Union National Bank of Troy v. United States, 195 F. Supp. 382 (N.D.N.Y 1961)

US District Court for the Northern District of New York - 195 F. Supp. 382 (N.D.N.Y 1961)
June 29, 1961

195 F. Supp. 382 (1961)

UNION NATIONAL BANK OF TROY and Frank V. Sutland, as Executors of the Last Will and Testament of Louis H. Gross, Deceased, Plaintiffs
UNITED STATES of America, Defendant.

Civ. A. No. 7731.

United States District Court N. D. New York.

June 29, 1961.

*383 Smith, Pattison, Sampson & Jones, Troy, N. Y., for plaintiffs; Lambert L. Ginsberg, Troy, N. Y., of counsel.

Justin J. Mahoney, U. S. Atty., Syracuse, N. Y., Louis F. Oberdorfer, Asst. Atty. Gen., Lyle M. Turner, Jerome Fink, R. Michael Duncan, Attys., Dept. of Justice, Washington, D. C., of counsel, for defendant.

JAMES T. FOLEY, District Judge.

This suit is for the refund of federal income taxes. Alternative relief is requested by the plaintiffs, i. e., the refund of $7,019.66, plus statutory interest for taxes paid by the decedent for the calendar year 1954, or, if such claim is not upheld, the refund of $19,384.77 with interest for the calendar year 1953. Unlike many of these actions, the facts are uncomplicated, as well asin my judgment the law to be interpreted and applied. The case was tried to the Court. All the witnesses were called by the plaintiff, and nothing was developed by the government that would place the essential facts for decision in the realm of dispute.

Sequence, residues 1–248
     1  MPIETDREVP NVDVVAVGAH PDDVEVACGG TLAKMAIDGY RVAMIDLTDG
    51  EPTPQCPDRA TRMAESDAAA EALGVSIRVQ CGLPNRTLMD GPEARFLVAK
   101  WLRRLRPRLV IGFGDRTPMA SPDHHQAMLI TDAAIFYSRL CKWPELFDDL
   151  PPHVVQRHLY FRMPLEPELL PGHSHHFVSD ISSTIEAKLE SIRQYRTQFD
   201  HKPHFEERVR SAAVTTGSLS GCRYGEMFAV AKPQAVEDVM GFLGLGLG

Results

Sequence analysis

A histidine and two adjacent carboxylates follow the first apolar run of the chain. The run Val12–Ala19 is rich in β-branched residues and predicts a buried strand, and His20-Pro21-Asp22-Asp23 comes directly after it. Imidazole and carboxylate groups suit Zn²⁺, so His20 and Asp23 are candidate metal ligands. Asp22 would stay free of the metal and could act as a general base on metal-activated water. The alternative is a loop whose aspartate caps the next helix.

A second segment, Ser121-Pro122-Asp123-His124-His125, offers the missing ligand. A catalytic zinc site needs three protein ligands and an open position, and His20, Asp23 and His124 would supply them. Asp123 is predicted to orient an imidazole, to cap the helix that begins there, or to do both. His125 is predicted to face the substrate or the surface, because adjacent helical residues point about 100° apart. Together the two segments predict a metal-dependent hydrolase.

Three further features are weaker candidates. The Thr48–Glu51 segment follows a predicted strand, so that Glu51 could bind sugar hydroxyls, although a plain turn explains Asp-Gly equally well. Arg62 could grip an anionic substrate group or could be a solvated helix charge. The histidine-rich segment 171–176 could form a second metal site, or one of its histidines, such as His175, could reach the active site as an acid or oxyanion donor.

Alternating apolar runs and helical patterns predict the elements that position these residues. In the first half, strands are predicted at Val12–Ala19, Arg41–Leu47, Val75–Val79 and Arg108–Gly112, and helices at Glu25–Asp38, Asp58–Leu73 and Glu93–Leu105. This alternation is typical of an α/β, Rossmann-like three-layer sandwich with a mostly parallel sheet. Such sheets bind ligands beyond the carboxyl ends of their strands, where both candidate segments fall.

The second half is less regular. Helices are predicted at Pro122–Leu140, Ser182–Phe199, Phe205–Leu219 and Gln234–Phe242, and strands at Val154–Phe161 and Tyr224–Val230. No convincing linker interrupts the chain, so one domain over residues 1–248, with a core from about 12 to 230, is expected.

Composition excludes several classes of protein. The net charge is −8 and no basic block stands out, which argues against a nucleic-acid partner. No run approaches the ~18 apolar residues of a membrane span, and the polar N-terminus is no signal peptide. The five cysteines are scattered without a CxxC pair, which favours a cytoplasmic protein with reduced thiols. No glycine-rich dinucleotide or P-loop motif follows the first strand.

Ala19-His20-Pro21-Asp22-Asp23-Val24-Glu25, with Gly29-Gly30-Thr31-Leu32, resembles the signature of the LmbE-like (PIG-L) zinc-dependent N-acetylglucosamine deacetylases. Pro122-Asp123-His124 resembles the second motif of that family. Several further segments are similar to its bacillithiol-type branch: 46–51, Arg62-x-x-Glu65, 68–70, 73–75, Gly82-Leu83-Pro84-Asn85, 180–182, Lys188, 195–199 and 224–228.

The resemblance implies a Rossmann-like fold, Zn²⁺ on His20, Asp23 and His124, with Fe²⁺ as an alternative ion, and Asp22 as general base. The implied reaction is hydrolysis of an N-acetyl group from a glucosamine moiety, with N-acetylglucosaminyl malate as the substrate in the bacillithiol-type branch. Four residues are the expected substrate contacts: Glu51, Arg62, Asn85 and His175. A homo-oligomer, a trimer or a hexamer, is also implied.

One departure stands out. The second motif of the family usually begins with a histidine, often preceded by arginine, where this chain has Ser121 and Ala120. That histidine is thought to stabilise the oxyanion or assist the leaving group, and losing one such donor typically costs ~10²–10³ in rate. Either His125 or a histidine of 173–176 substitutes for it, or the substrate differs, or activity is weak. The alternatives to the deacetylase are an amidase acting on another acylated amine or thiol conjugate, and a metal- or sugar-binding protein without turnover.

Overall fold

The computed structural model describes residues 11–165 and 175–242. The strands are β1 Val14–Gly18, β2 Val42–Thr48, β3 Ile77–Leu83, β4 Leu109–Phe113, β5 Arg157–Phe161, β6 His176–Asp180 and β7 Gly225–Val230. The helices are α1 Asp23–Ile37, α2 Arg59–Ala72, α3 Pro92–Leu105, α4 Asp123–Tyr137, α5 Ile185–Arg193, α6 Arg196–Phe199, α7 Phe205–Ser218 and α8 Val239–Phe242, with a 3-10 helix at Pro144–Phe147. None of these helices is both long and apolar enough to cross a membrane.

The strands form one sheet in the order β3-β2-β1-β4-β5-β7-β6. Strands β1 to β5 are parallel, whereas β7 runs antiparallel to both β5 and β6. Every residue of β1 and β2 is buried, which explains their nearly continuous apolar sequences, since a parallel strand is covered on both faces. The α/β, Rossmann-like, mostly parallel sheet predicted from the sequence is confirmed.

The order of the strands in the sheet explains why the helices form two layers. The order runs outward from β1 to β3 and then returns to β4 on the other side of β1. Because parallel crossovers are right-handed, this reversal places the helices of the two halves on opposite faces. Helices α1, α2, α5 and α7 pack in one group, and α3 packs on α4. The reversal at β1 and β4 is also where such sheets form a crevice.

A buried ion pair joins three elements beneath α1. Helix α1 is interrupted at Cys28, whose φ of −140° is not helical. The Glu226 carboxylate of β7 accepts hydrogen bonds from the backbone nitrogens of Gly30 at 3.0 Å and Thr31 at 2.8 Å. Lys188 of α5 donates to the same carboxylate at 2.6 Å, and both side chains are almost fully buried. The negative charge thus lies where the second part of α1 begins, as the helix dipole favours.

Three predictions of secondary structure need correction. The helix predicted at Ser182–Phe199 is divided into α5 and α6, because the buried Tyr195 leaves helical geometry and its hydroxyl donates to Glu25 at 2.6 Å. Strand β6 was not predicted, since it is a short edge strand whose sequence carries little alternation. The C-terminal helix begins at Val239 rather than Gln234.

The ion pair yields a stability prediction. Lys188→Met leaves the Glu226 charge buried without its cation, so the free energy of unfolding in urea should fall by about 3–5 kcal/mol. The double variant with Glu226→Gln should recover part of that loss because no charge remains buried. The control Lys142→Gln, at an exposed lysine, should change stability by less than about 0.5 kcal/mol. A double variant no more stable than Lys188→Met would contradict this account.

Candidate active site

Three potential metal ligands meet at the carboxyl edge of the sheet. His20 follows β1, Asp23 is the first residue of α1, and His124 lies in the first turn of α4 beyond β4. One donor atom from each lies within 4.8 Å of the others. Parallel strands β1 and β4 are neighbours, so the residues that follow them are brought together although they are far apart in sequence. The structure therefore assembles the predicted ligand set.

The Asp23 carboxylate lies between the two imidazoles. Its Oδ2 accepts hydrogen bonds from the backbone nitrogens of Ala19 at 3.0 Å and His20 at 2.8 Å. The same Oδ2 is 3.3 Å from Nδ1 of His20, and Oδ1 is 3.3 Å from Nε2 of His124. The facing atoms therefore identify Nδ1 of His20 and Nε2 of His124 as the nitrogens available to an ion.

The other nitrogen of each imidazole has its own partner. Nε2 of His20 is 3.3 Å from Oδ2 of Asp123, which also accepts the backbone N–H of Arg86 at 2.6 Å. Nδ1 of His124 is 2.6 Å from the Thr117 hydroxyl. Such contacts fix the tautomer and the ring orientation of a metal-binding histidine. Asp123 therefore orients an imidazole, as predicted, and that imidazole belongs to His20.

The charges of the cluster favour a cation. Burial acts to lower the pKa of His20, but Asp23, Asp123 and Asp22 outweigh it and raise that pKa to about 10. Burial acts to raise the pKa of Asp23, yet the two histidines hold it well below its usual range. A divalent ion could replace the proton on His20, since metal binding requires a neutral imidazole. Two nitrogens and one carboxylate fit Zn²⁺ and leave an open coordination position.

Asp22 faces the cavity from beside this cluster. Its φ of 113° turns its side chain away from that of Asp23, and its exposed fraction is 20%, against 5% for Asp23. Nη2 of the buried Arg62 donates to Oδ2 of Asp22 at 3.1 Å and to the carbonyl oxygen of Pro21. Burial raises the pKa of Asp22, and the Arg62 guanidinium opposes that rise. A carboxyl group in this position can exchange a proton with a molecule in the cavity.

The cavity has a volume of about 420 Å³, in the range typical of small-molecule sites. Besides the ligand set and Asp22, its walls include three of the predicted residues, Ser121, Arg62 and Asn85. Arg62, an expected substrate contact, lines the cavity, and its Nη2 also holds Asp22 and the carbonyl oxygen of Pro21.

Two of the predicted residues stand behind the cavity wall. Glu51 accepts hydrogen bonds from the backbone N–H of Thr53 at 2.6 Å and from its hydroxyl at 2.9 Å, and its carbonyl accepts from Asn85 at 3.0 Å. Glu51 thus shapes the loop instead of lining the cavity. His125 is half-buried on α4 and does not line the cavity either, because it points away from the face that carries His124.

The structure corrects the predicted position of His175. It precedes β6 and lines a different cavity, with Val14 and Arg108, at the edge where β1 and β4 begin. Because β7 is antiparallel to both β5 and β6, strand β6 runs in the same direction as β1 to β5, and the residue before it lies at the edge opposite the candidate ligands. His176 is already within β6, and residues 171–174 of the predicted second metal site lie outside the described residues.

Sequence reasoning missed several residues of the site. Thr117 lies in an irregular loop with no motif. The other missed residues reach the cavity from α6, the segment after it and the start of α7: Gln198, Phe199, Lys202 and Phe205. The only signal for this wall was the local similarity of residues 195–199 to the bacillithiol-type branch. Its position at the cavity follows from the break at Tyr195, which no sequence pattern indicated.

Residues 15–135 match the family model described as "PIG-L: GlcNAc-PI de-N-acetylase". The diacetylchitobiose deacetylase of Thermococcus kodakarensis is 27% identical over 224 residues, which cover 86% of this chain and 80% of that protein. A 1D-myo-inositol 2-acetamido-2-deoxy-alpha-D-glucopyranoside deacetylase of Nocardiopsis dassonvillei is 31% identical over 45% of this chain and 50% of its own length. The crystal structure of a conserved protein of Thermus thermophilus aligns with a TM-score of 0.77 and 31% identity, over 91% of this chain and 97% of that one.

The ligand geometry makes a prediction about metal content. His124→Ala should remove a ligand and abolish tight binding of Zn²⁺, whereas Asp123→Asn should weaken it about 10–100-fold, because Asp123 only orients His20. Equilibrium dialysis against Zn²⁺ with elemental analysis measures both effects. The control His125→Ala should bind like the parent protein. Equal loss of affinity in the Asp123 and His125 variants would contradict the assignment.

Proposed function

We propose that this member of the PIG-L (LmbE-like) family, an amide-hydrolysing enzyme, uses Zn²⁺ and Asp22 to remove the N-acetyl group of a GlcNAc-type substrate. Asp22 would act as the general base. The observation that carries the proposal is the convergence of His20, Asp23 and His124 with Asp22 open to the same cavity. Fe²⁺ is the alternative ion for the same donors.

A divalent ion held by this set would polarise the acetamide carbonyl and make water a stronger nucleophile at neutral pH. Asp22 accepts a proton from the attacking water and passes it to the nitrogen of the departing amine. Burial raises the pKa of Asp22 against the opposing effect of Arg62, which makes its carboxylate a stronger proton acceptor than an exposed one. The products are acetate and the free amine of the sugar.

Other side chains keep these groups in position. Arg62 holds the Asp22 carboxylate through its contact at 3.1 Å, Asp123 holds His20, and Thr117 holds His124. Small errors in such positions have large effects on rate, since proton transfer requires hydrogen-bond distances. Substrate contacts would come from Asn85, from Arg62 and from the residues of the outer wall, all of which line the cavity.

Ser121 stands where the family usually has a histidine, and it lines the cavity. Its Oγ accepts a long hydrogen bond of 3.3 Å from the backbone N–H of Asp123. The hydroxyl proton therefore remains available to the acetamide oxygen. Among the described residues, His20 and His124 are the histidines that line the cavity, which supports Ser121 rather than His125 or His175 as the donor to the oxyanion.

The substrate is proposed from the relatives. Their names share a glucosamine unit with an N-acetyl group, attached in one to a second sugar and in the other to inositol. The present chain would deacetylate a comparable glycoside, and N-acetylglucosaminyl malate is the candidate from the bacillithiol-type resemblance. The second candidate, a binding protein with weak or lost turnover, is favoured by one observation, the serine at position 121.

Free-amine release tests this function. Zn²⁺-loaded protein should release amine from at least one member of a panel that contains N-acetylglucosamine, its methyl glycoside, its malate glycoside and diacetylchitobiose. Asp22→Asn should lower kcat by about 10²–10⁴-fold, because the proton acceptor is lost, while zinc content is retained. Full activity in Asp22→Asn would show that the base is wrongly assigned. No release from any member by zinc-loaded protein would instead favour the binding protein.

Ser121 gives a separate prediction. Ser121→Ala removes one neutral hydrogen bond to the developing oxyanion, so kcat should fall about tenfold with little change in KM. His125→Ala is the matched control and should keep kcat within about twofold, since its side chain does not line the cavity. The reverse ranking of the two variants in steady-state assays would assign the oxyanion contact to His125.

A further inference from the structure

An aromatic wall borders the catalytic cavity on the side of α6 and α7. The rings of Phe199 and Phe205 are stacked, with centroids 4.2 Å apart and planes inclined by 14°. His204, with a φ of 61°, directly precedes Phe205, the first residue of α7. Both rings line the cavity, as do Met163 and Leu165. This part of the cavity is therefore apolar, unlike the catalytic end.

Louis H. Gross, the decedent, sold his one-third undivided interest in 316 River Street, Troy, N. Y., in 1953 at a loss of $24,731.25. This loss he reported as a capital loss in his 1953 tax return, and in accordance with law, assuming capital loss to be proper, he limited his deductions on the 1953 return to $1,000 and the remainder he carried over and deducted on his 1954 return as "net capital loss". His 1954 return was not audited by the Internal Revenue Agents until after the expiration of the Statute of Limitations for refund and assessment of deficiencies or possible adjustment of the 1953 return. It was then determined by the Commissioner that the 316 River Street property sold in 1953 was "property, used in his trade or business" within the exception to the definition of "capital assets" contained in Section 117(a) (1) (B), 26 U.S.C.A. ยง 117 (1952 Ed.). The official conclusion was that the loss resulting from the sale of the property was to be treated as an ordinary loss instead of a capital loss as taken by the taxpayer. The capital loss carryover to 1954 was determined as improper, such was disallowed and the resulting deficiency for 1954 was assessed and collected, creating the prime claim in this suit for $7,019.66 plus interest. As to the alternative relief sought, if ordinary loss treatment should be upheld as correct, the government by the formal interposition of the Statute of Limitations in its Answer rigidly maintains that the conceded substantial money loss resulting from the sale of the property could not, by reason of such bar, be accredited as an ordinary loss to the adjustment of or correction of the return filed for 1953 in that respect and the tax paid thereon.